Ross Franklin / AP

United Airlines alerted pilots Saturday that access codes to their cockpit doors had been released after a flight attendant mistakenly posted them on a public website, reports the WSJ. In a Saturday memo to employees, the company reminded flight crews to follow the proper security procedures — including visually approving entry to the cockpit despite having an access code — until new codes were distributed.

Officials at the Air Line Pilots Association, a union that represents 55,000 pilots in the U.S. and Canada, according to TechCrunch, told the WSJ that the problem was resolved on Sunday.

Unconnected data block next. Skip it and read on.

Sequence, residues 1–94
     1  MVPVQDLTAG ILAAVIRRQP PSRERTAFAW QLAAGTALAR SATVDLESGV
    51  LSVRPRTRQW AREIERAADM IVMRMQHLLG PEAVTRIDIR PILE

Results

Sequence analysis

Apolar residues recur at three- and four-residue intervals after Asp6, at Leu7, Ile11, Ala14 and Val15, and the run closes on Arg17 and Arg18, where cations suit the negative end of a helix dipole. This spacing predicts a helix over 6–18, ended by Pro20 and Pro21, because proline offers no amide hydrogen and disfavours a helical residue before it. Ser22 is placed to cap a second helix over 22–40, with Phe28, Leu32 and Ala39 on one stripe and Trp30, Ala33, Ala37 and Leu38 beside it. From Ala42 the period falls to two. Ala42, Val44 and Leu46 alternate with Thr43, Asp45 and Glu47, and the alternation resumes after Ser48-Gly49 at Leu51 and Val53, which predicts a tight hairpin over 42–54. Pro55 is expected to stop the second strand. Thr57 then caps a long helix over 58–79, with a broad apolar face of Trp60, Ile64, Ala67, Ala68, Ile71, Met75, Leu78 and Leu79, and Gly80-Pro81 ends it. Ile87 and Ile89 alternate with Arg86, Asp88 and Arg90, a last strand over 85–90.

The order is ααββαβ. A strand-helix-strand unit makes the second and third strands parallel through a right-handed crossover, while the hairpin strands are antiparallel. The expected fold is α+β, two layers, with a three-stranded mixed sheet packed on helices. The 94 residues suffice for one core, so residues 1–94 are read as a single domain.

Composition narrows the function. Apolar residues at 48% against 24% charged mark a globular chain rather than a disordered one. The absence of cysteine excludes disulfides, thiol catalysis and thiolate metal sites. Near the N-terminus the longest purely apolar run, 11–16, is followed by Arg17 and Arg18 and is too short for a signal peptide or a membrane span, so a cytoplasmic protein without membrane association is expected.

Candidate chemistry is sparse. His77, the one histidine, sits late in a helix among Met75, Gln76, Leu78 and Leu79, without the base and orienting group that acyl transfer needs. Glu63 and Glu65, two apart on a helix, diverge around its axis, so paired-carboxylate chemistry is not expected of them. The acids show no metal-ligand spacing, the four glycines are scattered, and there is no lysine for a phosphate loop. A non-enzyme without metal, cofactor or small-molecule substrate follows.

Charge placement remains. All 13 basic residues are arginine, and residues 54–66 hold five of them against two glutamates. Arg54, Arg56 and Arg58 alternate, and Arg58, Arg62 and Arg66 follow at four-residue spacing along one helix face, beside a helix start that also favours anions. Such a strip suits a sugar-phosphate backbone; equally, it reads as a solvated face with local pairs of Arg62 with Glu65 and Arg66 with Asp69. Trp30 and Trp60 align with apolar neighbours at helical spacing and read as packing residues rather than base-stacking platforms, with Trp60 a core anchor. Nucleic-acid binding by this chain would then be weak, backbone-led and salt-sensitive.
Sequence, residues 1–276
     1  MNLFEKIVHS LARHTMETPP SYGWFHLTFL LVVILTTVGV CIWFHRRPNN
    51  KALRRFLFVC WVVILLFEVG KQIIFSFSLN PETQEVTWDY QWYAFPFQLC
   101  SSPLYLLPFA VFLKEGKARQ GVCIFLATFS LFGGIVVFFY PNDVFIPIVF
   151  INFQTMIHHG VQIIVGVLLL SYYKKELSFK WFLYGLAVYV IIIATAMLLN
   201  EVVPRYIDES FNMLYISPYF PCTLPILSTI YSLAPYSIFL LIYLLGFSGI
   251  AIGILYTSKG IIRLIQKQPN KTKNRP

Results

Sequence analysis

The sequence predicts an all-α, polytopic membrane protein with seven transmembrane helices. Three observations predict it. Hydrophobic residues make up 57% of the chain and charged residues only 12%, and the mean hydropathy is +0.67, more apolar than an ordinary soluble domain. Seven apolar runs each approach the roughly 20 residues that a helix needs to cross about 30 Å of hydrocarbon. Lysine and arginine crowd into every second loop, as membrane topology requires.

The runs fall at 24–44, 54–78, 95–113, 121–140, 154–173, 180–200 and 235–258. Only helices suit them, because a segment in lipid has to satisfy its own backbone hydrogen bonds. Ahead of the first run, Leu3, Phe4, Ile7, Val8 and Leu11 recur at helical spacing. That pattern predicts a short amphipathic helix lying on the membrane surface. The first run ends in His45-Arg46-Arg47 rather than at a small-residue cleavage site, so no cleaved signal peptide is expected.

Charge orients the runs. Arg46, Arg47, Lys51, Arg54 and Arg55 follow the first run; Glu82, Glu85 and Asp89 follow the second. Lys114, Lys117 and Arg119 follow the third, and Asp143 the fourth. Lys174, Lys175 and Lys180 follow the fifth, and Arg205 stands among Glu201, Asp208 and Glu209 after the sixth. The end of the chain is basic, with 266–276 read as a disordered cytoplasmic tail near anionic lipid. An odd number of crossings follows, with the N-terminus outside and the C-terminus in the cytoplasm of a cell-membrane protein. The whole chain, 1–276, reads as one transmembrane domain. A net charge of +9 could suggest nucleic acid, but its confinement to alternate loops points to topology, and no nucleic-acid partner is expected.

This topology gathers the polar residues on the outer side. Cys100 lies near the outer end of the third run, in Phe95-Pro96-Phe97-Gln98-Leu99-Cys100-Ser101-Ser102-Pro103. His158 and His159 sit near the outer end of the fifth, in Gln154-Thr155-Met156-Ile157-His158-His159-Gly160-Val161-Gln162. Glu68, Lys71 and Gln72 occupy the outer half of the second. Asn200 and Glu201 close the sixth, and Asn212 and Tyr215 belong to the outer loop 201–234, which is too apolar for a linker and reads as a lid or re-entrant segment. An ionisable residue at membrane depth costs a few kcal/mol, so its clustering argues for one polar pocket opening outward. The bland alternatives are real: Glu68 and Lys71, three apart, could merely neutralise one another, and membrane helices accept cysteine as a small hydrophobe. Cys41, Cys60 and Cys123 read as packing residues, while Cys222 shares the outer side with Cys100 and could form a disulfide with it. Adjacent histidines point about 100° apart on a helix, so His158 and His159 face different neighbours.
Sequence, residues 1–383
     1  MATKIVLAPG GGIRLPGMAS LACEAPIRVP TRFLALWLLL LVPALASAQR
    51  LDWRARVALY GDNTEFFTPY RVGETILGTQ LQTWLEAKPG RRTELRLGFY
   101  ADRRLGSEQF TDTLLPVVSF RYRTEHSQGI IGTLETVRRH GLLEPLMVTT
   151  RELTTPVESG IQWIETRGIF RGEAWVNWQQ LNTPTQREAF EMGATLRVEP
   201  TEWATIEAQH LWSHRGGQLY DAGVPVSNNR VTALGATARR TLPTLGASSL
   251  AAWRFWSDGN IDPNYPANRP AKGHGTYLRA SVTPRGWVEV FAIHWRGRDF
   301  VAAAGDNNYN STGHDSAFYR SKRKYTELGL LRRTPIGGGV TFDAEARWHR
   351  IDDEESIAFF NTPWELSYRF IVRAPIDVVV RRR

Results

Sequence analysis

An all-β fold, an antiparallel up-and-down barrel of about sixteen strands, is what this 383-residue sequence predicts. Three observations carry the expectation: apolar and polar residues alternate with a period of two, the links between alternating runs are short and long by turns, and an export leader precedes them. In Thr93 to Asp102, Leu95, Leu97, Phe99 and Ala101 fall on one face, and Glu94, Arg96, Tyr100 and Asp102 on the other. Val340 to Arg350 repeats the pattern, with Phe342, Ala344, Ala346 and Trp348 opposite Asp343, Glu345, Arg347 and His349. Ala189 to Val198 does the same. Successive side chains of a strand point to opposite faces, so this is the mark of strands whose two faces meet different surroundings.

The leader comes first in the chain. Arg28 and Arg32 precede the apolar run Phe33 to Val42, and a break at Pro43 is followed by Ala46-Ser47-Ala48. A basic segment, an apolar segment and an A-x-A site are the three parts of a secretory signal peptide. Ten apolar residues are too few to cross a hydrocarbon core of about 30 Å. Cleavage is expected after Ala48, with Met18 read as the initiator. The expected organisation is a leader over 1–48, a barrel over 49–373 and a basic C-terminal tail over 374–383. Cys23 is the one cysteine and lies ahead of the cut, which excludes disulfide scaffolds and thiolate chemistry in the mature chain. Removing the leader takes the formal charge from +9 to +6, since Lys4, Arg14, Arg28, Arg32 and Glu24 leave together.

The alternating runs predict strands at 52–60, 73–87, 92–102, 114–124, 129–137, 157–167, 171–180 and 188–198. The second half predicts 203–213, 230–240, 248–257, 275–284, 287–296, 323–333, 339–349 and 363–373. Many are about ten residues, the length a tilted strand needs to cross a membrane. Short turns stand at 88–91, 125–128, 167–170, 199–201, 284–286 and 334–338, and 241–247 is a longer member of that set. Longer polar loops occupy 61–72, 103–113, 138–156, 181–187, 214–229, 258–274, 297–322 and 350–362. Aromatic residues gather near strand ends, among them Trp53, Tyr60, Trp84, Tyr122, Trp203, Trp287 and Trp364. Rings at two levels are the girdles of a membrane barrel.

Why this matters: The breach was made by human error, not through a hack or other malicious efforts, revealing how susceptible cockpits are to intruders. Union groups have been pushing airlines for years to implement stronger security measures such as secondary barriers to cockpit doors, but management has mostly resisted those efforts.

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